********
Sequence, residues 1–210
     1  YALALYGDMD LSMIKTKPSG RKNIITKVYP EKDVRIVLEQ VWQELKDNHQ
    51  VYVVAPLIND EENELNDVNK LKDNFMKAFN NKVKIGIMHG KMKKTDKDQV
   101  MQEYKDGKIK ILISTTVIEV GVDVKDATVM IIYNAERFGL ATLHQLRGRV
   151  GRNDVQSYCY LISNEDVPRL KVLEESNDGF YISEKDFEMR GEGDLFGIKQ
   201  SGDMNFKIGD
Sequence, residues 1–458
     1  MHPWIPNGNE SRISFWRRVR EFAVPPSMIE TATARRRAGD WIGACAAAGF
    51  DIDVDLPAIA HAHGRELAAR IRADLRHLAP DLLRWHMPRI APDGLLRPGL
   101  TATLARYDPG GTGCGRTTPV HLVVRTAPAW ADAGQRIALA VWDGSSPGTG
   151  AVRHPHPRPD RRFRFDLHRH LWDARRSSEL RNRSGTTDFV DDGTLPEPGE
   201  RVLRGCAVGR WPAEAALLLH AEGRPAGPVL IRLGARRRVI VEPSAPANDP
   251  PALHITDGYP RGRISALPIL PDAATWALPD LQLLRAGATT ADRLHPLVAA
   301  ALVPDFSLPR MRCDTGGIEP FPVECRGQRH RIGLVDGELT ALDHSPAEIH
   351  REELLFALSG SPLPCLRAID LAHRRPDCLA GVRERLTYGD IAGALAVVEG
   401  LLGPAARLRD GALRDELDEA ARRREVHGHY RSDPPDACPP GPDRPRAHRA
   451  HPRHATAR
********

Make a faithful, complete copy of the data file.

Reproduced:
Sequence, residues 1–210
     1  YALALYGDMD LSMIKTKPSG RKNIITKVYP EKDVRIVLEQ VWQELKDNHQ
    51  VYVVAPLIND EENELNDVNK LKDNFMKAFN NKVKIGIMHG KMKKTDKDQV
   101  MQEYKDGKIK ILISTTVIEV GVDVKDATVM IIYNAERFGL ATLHQLRGRV
   151  GRNDVQSYCY LISNEDVPRL KVLEESNDGF YISEKDFEMR GEGDLFGIKQ
   201  SGDMNFKIGD
Sequence, residues 1–458
     1  MHPWIPNGNE SRISFWRRVR EFAVPPSMIE TATARRRAGD WIGACAAAGF
    51  DIDVDLPAIA HAHGRELAAR IRADLRHLAP DLLRWHMPRI APDGLLRPGL
   101  TATLARYDPG GTGCGRTTPV HLVVRTAPAW ADAGQRIALA VWDGSSPGTG
   151  AVRHPHPRPD RRFRFDLHRH LWDARRSSEL RNRSGTTDFV DDGTLPEPGE
   201  RVLRGCAVGR WPAEAALLLH AEGRPAGPVL IRLGARRRVI VEPSAPANDP
   251  PALHITDGYP RGRISALPIL PDAATWALPD LQLLRAGATT ADRLHPLVAA
   301  ALVPDFSLPR MRCDTGGIEP FPVECRGQRH RIGLVDGELT ALDHSPAEIH
   351  REELLFALSG SPLPCLRAID LAHRRPDCLA GVRERLTYGD IAGALAVVEG
   401  LLGPAARLRD GALRDELDEA ARRREVHGHY RSDPPDACPP GPDRPRAHRA
   451  HPRHATAR